The residential lending industry is moving away from appraisals after seven years of rapid appreciation when many markets in Northern California are showing signs of slowdown and stability. I joined FindMyAppraiser.com because of their strong advocacy for appraisers and consumer protection.
From the FindMyAppraiser.com website:
“FINDMYAPPRAISER.COM IS A NATIONAL REAL ESTATE APPRAISER DIRECTORY AND JOINT MARKETING CAMPAIGN
FindMyAppraiser.com serves as the link between local property appraisers and the public that needs these services.
Let the buyer beware! Now more than ever American consumers must protect themselves when purchasing a home, buying rental property or investing in a business. These decisions are “life changing” and can effect consumers for many years to come. Buying a home is the biggest financial investment one will make and getting an accurate property value from a qualified local appraiser is best way to make sure you are making a wise decision.
Many banks don’t order appraisals! That’s right. Many home buyers believe banks will order an appraisal when they apply for a mortgage but more and more banks are using AVMs (Automated Valuation Modules) or out-of-the-area “valuers” in the mortgage process. These valuations are not performed for your benefit, they are only used by the bank. You don’t own them and you should not rely on them to make your purchase decision. You need a properly trained market expert. You need an Appraiser.
FindMyAppraiser.com is dedicated to supporting professional appraisers and promoting consumer protection.”
Thanks to Phil Crawford and Lori Noble for putting this together.
Recently Joseph James Angelo was arrested outside of Sacramento and was accused of being the East Area Rapist. The East Area Rapist terrorized California in the 1970s and committed more than 50 rapes and 12 murders before disappearing more than 30 years ago. My friend Ryan Lundquist started a poll and conversation on his blog: What discount would you expect if the East Area Rapist’s house came on the market?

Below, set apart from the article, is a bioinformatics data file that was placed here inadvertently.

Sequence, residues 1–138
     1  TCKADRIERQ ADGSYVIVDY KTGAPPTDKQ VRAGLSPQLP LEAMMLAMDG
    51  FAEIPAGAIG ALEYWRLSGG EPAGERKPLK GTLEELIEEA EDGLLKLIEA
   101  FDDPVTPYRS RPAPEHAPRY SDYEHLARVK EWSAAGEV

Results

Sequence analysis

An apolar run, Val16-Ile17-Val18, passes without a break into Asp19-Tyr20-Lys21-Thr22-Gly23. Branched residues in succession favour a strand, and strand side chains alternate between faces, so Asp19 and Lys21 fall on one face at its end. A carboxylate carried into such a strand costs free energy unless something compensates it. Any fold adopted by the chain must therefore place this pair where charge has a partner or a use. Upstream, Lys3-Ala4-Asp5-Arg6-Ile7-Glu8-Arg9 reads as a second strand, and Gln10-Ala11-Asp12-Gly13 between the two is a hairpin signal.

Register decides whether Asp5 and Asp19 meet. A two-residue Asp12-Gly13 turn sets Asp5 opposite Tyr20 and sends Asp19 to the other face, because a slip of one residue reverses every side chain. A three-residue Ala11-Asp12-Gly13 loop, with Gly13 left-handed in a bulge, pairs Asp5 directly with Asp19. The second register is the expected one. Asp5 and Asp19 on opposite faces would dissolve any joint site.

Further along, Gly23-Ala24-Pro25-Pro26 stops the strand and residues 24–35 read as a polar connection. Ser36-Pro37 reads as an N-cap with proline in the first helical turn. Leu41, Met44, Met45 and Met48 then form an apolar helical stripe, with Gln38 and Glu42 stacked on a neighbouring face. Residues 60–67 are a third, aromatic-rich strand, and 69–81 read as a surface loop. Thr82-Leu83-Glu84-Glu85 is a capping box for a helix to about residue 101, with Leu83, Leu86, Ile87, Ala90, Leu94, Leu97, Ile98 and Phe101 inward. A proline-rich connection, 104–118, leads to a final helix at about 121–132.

The results are interesting. Most respondents were in the 0-10% and 10-20% brackets. I was in the 0-10% bracket based on the one time I’ve worked on a similar problem. Several years ago I was completing an appraisal on a house for a purchase in one of my markets and I noticed a weird note in the listing. “Blessed by a deacon.” What the heck did that mean?
I called the listing agent, a friend of mine, and asked her what she meant by that. Turns out there was a murder on the site within the past six months. Would have been nice if she’d let me know when I scheduled the appointment that, oh, by the way, there was a murder at the subject….
I frantically called the lender to warn them that a murder had occurred at the subject in the past six months, that I would need time to analyze this new evidence, and that I needed more money for the report because of the extra due diligence. I called my mentor to get advice on how to deal with this and to see if he had any data (nope). I then searched MLS over the past 10 years but for some reason, listing agents don’t normally advertise “recent murder here” when trying to sell homes so struck out again. No one at the local Realtor meeting could remember any sales of homes after a murder or similar circumstance either. One of my comparables, however, had a death by natural causes within six months of date of sale.
So after a bunch of due diligence, I had jack squat for data. I took a step back. This was an entry tier home at a time where inventory was low in a relatively safe neighborhood where the murder was unlikely to occur again. Three full-price offers were received for the subject and all three potential buyers were aware of the home’s history. Was there a discount because of the murder? My best evidence, the three full-price offers, showed little to no market reaction from the murder. I discussed my research in my report and concluded no market reaction and sent it in. The purchase closed less than a month later.
This is not the exactly same situation as if the East Area Rapist’s house was on the market. First, no reports to date suggest that crimes were committed at the accused’s house while the house I appraised was the site of a murder. Second, the murder at my subject’s property was one off with little news coverage outside of the community where it occurred. The East Area Rapist is notoriously known throughout California, if not the US, especially for those of age at the time of his crimes. A better but not perfect model might be Dorothea Puente, the landlord in Sacramento who murdered at least seven people and buried them in the backyard. Ryan plots the sales of her duplex on his poll results post.
Tony Bizjak, the real estate writer for the Sacramento Bee, liked Ryan’s post enough to turn it into an article and quoted me for the story.
p.s. Randall Bell, PhD, MAI is the national expert on diminution in value and determining crime scene discounts. His book Real Estate Damages is highly recommended. He thinks the discount will be closer to 25% if the home of the East Area Rapist hits the market.